GIVE THANKS FOR THE ORDINARY
When the extraordinary becomes ordinary and the ordinary evolves into entitlement the need for giving thanks dissipates.
When I first visited Kentuck Knob I wondered why Frank Lloyd Wright located the structure a distance back from the knob, denying residents the opportunity to view the knob’s spectacular sunrises over the rolling Laurel Highlands hills, the Youghiogheny River gorge and nearby farmland.w of the .
I learned that Wright chose the location away from the peak to enable the house to become part of the landscape. It’s also my understanding that he also chose that location so that persons who wanted to experience the view had to make an effort, had to walk from the house to the knob—because he understood that a scene of beauty readily available would soon become commonplace, making it ordinary, and therefore less miraculous, less profound.
When we first visited our community of Laurel Mountain Borough it was magical. The one-lane gravel roads, the forested atmosphere, the almost eccentric aura contrasted with the cookie-cutter world we were accustomed to. We felt like we were being transported back in time to an era reputed to be less stressful, to a back-to-earth time. It was magical.
Gradually this profound, magical, feeling dissipated. The sense of uniqueness and magic evolved into the commonplace, the ordinary.
This evolution from the miraculous, the profound, to the commonplace, the ordinary, is a part of the human condition. Once a situation becomes ordinary it evolves into entitlement.
Which brings me to a statement I read in the November 23, 2014, newspaper column, Giving thanks can be a challenge. The quote is somewhat altered: That which was a pleasant and gracious (experience) year quickly becomes an expected entitlement. That for which I was thankful in the past, I now assume to be my right.
The author, Gary Welton, professor of psychology at Grove City College (Pennsylvania), noted that he’s been blessed with incredible health, yet I have never appreciated it. I have only taken it for granted. Only when I am ill do I recognize the incredible gift I have been given.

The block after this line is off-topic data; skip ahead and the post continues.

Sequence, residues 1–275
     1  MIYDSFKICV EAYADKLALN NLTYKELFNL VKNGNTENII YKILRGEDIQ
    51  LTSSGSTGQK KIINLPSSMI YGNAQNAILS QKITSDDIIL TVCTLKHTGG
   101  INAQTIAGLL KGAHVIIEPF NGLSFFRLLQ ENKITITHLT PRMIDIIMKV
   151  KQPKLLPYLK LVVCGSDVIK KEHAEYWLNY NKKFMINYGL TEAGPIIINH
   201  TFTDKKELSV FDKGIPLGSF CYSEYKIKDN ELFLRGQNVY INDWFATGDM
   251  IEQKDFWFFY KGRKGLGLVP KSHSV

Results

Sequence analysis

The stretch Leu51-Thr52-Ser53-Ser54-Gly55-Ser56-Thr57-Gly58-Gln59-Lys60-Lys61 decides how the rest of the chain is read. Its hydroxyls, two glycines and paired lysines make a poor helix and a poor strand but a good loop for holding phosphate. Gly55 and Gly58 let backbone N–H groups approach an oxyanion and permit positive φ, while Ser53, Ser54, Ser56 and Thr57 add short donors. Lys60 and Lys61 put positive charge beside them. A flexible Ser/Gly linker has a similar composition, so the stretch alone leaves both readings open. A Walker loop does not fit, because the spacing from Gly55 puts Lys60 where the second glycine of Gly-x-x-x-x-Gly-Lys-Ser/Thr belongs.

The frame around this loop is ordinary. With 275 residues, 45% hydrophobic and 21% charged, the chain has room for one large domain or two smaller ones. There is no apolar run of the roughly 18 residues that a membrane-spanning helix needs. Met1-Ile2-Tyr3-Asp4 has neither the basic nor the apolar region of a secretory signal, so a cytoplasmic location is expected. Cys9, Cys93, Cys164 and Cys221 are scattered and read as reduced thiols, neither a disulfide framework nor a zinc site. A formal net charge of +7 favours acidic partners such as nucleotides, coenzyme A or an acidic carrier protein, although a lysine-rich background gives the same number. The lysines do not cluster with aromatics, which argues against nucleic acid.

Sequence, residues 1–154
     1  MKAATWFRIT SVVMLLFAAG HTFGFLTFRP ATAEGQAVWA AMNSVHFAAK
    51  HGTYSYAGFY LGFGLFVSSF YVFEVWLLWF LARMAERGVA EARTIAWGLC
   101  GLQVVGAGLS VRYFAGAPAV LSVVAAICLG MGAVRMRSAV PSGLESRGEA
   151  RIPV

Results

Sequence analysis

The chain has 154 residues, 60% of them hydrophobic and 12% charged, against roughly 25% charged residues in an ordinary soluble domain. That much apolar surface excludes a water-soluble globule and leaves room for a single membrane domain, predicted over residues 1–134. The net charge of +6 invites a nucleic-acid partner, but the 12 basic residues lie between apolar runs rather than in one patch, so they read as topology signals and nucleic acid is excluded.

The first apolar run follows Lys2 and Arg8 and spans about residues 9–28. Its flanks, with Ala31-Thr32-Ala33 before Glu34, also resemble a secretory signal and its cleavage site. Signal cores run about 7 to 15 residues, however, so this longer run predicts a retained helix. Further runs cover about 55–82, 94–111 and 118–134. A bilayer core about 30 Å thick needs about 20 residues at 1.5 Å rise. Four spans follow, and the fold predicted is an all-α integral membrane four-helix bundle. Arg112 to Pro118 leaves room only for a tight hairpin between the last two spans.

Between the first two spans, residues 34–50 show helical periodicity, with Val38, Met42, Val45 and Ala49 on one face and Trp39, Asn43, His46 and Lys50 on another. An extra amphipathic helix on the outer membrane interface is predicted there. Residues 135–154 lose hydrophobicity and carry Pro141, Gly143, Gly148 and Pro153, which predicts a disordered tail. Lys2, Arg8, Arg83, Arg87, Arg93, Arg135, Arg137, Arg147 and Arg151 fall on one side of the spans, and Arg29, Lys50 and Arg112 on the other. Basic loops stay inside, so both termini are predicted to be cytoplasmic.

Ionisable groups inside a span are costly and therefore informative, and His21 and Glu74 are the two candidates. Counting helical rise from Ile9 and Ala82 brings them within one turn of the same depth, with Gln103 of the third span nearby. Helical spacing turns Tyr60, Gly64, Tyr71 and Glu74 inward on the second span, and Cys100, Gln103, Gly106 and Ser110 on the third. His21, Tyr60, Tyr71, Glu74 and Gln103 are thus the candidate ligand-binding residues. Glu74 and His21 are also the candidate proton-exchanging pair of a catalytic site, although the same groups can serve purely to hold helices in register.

That for which we feel entitled we don’t feel thankful for. It it belongs to us so there is no need to give thanks.
Perhaps we need to step back from the commonplace, the ordinary, in our lives and revisit it with new eyes. So today (and every day) I will be thankful for (in no particular order):
- my morning coffee, and the persons who planted the seeds, grew it to maturity, picked the beans, prepared them for market, and transported them, all so I can enjoy my morning wake-up time
- my morning newspaper, and the journalists (who sometimes risk their lives) to research, interview subjects, and write the copy; and for the delivery person who brings it to my newspaper box in the wee hours of the morning so I can relax reading it while partaking of my morning coffee
- my gray cat King and his former owner, who abandoned two cats in our community, one of which adopted our family. King offers us companionship, adulation, and conversation
- my family, without whom I would not be who I am today
- the dishes that clutter my kitchen counter, waiting to be washed and put away. I am no more entitled to this luxury than is the person living in a hut eating out of pie tin
- water that flows freely from my household taps, water I am no more entitled to than the woman who must walk a mile to find water to fill the jugs she carries back to her home.
I could continue, but I think you have the idea.
Do you agree with the items on this list? For what do you feel entitled, so thoughtlessly leave off your list of things to be thankful for? I invite you to share your thoughts in the comment box below.
May you and your yours have a blessed Thanksgiving.